shaft- shaft broke off in the center of the coils- 5 tooth sprocket

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Global CO2 emissions have to be drastically reduced within the next few years in order to
prevent a disastrous climate change. This is where DESERTEC offers a solution which can
be implemented worldwide: Sufficient clean power can be generated in the world's deserts to
supply mankind with enough electricity on a sustainable basis.

The total solar collectors surface (for concentrating solar thermal power) needed to provide
the electricity for the humankind is just 300x300 km.

Figure 4.1: Desertec.

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Figure 4.2: Solar power plant in Nevada desert.

Energy requirements of cycling.

Required energy to cycle.
Human power.
Energy costs of cycling.

Solar panel roof.

Wind aspects of concern.
PV panel tilt angle mismatch.
Solar panels electrically.
Solar bike battery types.
Building lithium ion battery pack safety instructions.

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5.1.1. Required energy to cycle:

It is important to know the required power for different situations such as climbing hills. In
the Excel sheet / tab sheet "Power required" the required power is calculated and plotted in a speedpower graph. We can experiment with the bicycle parameters. The solar bike parameters are not
known well at the moment and are estimated. The air drag is the most important factor. For the solar
bike it is assumed that the reference area is in-between that of a racing bicycle and an upright bike,
namely 0.5m2. The total weight of 90 kg is for a solar bike of 18 kg, a rider of 70 kg and some
luggage of 2 kg.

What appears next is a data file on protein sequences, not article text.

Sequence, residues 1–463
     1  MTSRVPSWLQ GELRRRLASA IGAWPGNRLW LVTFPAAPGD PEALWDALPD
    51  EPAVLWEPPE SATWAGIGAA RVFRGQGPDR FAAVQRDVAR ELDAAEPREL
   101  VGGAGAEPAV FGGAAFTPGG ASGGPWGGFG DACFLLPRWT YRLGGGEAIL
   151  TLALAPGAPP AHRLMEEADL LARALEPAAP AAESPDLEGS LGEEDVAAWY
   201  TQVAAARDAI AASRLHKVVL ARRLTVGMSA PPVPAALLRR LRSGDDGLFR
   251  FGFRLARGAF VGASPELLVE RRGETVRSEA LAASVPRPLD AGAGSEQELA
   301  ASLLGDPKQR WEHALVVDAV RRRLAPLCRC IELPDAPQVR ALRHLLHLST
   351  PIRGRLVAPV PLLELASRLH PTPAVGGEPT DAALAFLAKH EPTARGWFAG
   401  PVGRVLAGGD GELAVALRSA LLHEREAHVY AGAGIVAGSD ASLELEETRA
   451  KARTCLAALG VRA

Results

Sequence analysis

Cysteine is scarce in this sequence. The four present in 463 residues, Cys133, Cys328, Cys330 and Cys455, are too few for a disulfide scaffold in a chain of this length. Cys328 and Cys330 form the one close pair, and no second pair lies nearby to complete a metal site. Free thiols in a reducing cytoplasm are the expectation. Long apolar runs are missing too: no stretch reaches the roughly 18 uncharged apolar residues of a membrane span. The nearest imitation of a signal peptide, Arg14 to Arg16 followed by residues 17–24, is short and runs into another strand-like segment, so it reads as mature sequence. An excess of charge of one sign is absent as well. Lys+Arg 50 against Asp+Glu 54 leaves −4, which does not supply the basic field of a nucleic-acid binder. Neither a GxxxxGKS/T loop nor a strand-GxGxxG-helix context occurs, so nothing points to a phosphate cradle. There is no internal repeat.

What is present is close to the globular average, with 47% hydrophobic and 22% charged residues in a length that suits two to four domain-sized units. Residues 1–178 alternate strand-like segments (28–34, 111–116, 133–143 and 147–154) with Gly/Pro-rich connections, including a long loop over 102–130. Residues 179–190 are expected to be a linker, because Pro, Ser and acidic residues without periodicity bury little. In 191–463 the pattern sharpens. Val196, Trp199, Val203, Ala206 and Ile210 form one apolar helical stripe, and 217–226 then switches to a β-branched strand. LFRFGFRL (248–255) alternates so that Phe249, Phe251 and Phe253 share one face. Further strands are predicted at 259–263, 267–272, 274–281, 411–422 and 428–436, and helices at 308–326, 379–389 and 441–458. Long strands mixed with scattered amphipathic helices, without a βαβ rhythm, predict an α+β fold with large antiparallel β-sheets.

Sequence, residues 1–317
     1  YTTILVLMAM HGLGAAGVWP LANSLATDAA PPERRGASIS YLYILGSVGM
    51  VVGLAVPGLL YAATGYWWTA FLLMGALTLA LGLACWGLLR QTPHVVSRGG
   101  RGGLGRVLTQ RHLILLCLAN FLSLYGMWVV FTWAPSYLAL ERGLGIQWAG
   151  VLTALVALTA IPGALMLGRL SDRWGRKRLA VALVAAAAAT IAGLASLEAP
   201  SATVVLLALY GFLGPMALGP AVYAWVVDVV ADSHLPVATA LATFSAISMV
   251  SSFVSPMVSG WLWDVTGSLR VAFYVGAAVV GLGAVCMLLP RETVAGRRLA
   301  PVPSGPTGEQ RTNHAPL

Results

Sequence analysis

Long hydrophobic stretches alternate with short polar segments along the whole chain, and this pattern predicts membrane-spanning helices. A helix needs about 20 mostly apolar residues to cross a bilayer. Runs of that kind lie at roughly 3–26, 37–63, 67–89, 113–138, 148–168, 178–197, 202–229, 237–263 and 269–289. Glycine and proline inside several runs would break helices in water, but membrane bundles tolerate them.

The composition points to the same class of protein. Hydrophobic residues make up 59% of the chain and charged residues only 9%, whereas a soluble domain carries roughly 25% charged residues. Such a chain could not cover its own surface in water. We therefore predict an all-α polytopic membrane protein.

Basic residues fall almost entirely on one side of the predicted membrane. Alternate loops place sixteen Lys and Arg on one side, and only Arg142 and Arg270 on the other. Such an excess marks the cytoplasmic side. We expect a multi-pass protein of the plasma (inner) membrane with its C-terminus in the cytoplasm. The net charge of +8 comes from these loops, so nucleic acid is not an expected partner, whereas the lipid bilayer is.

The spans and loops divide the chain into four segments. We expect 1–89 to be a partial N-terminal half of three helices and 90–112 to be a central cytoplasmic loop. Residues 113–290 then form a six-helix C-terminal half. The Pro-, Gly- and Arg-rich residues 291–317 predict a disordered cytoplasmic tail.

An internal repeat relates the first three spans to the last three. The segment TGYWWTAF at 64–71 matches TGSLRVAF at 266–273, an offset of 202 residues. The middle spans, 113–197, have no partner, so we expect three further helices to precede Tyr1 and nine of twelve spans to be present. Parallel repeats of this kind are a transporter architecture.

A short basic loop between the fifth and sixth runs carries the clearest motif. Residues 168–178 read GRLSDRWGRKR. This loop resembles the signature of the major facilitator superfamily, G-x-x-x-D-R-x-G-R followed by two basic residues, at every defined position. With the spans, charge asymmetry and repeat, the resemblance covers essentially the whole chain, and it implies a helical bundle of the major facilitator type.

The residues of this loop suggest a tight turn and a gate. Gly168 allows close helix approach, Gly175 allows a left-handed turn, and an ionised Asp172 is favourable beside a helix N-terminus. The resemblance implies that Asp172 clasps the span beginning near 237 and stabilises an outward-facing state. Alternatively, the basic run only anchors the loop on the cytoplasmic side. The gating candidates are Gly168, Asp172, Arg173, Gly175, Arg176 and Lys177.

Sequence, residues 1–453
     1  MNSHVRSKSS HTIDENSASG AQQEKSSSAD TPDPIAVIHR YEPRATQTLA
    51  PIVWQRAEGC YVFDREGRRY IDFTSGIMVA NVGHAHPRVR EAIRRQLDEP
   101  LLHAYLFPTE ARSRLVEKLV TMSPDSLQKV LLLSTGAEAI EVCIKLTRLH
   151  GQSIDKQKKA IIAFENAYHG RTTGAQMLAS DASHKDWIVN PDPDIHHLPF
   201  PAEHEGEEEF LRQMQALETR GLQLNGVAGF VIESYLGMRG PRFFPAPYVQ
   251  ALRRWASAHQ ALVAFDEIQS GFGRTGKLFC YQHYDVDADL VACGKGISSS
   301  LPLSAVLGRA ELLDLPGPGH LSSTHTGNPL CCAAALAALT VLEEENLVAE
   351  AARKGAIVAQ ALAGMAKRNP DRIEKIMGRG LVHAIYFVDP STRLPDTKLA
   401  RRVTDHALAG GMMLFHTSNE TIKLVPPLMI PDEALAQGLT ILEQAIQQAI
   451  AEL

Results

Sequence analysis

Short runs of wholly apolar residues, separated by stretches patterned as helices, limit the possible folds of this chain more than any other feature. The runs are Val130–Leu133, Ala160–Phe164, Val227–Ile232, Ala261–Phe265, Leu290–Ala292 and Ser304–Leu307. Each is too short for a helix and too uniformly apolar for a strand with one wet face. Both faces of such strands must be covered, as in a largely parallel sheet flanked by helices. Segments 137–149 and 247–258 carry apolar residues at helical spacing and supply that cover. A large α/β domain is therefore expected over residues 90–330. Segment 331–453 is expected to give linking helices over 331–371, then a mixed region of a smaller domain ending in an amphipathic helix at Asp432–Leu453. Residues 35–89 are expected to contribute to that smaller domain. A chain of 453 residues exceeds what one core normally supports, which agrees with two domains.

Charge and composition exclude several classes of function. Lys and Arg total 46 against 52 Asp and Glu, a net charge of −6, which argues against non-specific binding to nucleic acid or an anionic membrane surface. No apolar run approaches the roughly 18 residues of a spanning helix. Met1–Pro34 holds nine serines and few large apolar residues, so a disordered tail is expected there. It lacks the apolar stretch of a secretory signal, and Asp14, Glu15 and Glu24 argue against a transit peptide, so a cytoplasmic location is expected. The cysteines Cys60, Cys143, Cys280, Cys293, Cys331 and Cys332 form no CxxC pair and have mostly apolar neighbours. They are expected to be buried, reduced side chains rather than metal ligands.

Figure 5.1: Tab sheet power required.

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5.1.2. Human power:

Figure 5.1 A graph of the long term human power capability.

The steepness of the curve points to how sensitive human are to an increase in power
demands. That is the reason that climbing hills is so exhausting. In this respect, a motor power of
only 100W is already helpful.

5.1.3. Energy costs of cycling:

Suppose, you charge your e-bike battery at a cafe. What are the costs for the cafe
owner? You tend to say about Rs. 58. But amazingly, the costs are negligible. For a normal e-bike
battery of 400Wh, the electricity costs are lower than Rs. 5 at a KWh price of Rs. 11. The cyclist
himself, who ride 100km, converts energy of 500Wh to 750Wh. Also, the electric bike electricity
costs per km are more than 50 times lower than the fuel cost of a car.

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Another option is a roof panel. It has some advantages:

The panel does not suffer from shadow from the rider.
The bike is more manageable.
Larger solar surface area is possible.

Figure 5.2: A Bicycle With A Solar Panel Roof.

The disadvantages are:

High center of gravity.

More wind load.
More weight.


The air drag is low for a flat plate that is horizontal to the apparent wind. But when the
panels are pitched by just a degree or two, this leads to a significant increase in force. In essence we
have two inefficient aircraft wings that will generate some lift. This lift will act at a vector that is
perpendicular to the apparent wind, not perpendicular to the surface of the solar panels, so will act to
unbalance the bike. It will also create induced drag that is proportional to the lift generated, adding to
the form drag we have from the projected frontal area of the panels.
Cross winds are the problem here, or more specifically, the vector sum of the side wind
and the apparent wind caused by the motion of the bike. The force needed to unbalance a bike, by
taking it outside the range of corrective moments that the rider can provide by shifting body weight
is pretty small. The lift force vector will change direction extremely rapidly as the bike rolls, going
from a maximum positive to a maximum negative value in a short time interval as the panels go from